Changing the Biological Data Visualisation World
News Sep 04, 2015
Existing open-source biological data repositories are littered with abandoned projects that have failed to gain the support needed to continue on past the initial funding and enthusiasm. Therefore, with BioJS, buy-in from the lifesciences community is critical; to present such a suite of tools capable of displaying biological data requires expertise and capacity that is beyond working in isolated groups.
BioJS was initially developed in 2013 through a collaboration between TGAC and the European Bioinformatics Institute (EMBL-EBI). Starting of as a small set of individual graphical components in a bespoke register, it has evolved to a suite of over a 100 data visualisation tools with a combined download of near to 185k. A community of 41 code contributors spread across four continents, a Google Group forum with more than 150 members, and 15 published papers with multiple citations.
To promote the project, TGAC recently held the first BioJS conference as an open event to potential developers and users of the online data repository. Followed by a hackathon to allow participant to integrate the toolset into the larger Galaxy network, an open, web-based platform for data intensive biological research.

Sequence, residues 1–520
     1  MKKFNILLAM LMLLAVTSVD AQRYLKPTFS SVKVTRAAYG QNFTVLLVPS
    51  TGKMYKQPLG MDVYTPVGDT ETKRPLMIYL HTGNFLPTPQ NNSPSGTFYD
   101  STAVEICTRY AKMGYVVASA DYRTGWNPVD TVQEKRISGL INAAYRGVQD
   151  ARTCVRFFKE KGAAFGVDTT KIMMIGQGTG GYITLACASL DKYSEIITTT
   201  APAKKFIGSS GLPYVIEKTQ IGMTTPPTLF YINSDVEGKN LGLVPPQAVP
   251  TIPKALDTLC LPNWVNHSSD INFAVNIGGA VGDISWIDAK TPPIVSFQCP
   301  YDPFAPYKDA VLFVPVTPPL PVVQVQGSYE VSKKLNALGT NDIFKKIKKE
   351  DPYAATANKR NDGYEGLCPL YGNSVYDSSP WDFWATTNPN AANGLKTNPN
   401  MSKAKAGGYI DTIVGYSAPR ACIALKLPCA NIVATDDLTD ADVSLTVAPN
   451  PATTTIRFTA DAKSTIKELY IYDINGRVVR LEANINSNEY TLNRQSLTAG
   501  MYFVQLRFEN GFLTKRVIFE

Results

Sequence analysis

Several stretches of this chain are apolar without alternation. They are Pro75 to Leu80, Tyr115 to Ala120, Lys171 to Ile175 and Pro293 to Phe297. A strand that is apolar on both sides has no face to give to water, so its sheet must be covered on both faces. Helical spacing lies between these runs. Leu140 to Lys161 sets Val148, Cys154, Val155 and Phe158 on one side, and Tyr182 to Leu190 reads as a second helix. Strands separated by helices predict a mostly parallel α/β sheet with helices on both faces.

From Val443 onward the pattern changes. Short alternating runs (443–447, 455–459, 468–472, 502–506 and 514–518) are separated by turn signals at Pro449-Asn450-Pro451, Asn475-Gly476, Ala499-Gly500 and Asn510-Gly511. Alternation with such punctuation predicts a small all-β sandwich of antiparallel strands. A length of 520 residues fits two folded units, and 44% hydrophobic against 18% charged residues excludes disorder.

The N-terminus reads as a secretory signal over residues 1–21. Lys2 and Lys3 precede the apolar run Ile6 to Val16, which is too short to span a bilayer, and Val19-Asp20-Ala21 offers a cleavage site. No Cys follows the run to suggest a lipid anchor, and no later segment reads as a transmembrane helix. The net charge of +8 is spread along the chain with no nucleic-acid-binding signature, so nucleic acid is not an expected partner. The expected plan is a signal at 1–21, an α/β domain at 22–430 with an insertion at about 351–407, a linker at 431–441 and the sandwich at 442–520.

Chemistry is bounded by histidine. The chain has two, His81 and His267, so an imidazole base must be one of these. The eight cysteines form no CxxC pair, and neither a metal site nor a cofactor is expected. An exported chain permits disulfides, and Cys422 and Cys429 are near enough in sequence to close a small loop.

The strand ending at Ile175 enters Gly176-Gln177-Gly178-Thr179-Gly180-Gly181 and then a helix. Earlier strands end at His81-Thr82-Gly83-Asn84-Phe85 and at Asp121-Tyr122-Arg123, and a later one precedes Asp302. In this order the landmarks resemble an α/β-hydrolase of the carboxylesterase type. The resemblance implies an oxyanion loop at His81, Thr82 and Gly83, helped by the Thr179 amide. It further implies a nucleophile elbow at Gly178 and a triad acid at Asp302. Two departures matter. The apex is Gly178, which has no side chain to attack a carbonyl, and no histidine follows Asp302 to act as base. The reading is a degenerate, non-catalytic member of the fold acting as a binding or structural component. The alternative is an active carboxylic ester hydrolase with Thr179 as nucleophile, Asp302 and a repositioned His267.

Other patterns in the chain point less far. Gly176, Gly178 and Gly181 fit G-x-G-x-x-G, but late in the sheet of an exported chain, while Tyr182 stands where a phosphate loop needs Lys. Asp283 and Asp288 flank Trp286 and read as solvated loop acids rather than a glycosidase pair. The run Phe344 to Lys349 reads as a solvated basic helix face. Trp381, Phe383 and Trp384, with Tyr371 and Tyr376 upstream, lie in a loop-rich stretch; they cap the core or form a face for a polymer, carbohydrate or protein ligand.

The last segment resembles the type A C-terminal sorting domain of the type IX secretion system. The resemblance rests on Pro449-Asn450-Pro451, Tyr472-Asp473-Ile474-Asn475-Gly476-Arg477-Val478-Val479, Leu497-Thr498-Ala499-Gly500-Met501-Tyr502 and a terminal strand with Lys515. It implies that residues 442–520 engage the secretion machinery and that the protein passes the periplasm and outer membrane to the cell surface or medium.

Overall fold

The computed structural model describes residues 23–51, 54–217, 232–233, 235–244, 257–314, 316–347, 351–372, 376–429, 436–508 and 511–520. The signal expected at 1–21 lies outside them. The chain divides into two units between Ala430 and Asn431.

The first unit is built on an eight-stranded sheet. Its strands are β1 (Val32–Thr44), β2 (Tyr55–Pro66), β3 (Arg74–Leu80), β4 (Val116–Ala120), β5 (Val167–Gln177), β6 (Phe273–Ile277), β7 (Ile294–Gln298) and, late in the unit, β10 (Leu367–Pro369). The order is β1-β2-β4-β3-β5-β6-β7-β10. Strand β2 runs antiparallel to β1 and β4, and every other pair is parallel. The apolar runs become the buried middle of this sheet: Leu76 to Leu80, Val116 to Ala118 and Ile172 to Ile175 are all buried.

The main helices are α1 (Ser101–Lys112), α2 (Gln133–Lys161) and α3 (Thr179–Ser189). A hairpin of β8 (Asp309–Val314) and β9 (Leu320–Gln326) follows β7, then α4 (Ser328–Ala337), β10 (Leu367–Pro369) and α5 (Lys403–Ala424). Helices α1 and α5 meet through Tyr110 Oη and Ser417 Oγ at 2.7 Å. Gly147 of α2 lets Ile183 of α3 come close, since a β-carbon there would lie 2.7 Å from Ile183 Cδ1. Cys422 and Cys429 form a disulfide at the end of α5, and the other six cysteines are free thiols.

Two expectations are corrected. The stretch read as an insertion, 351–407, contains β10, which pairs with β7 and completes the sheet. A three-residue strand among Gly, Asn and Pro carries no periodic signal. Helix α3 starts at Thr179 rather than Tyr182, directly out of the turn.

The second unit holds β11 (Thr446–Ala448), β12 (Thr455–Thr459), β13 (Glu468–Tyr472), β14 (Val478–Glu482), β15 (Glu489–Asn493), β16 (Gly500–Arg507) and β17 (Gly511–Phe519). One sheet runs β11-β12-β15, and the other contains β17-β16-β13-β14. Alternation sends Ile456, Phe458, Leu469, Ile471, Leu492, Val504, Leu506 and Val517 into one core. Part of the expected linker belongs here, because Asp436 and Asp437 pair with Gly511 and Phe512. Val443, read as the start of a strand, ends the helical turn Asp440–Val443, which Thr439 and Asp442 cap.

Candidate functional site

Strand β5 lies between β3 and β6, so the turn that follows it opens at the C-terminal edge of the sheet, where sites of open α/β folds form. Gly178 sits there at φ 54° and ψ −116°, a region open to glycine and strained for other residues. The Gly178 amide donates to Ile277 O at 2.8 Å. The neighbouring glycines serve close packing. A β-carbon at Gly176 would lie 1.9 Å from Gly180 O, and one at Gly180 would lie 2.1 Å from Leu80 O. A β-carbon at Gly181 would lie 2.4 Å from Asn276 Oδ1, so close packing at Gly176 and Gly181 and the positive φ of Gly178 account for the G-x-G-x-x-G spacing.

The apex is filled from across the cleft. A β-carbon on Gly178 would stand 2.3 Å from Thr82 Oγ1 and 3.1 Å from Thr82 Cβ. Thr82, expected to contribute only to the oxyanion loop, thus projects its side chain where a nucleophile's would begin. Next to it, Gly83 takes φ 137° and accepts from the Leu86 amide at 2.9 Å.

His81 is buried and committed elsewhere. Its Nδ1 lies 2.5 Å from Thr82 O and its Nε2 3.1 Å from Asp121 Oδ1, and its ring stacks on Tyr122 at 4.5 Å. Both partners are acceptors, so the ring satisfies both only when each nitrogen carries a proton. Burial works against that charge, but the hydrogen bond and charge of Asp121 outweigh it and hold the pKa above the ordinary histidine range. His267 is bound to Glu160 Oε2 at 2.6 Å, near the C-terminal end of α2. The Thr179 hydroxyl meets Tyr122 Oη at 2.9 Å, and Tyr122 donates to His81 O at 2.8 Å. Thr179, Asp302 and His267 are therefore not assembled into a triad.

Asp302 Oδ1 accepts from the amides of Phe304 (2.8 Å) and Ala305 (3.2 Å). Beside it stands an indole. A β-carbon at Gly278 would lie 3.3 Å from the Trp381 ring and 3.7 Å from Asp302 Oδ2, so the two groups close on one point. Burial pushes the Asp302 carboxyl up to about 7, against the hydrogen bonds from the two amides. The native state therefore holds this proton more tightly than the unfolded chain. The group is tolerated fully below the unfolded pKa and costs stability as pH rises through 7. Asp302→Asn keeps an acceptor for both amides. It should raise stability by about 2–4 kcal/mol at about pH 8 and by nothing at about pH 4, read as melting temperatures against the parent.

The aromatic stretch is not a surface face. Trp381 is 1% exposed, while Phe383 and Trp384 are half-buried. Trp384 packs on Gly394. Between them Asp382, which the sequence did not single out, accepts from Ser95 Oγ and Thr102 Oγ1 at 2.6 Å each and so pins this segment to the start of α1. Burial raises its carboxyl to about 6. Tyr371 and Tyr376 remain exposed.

Manuel Corpas, BioJS community lead and Project Leader at TGAC, said: BioJS has become a robust international project within a short period of time by fostering the right skills and technical expertise to develop the community. Contributors are rewarded to ensure members are motivated and to increase our impact.
“Time spent on promoting, evangelising and networking is one of the most fruitful investments in the BioJS community. We believe that BioJS will set an example for other to have the confidence to build their similarly robust open source projects and communities.”
Unlike most cells in the rest of our body, the DNA (the genome) in each of our brain cells varies from cell to cell, caused by somatic changes. But much remains unknown, including when these changes arise, their size and locations, and whether they are random or regulated. Now, researchers have developed new techniques allowing the detection of CNVs smaller than one million base pairs.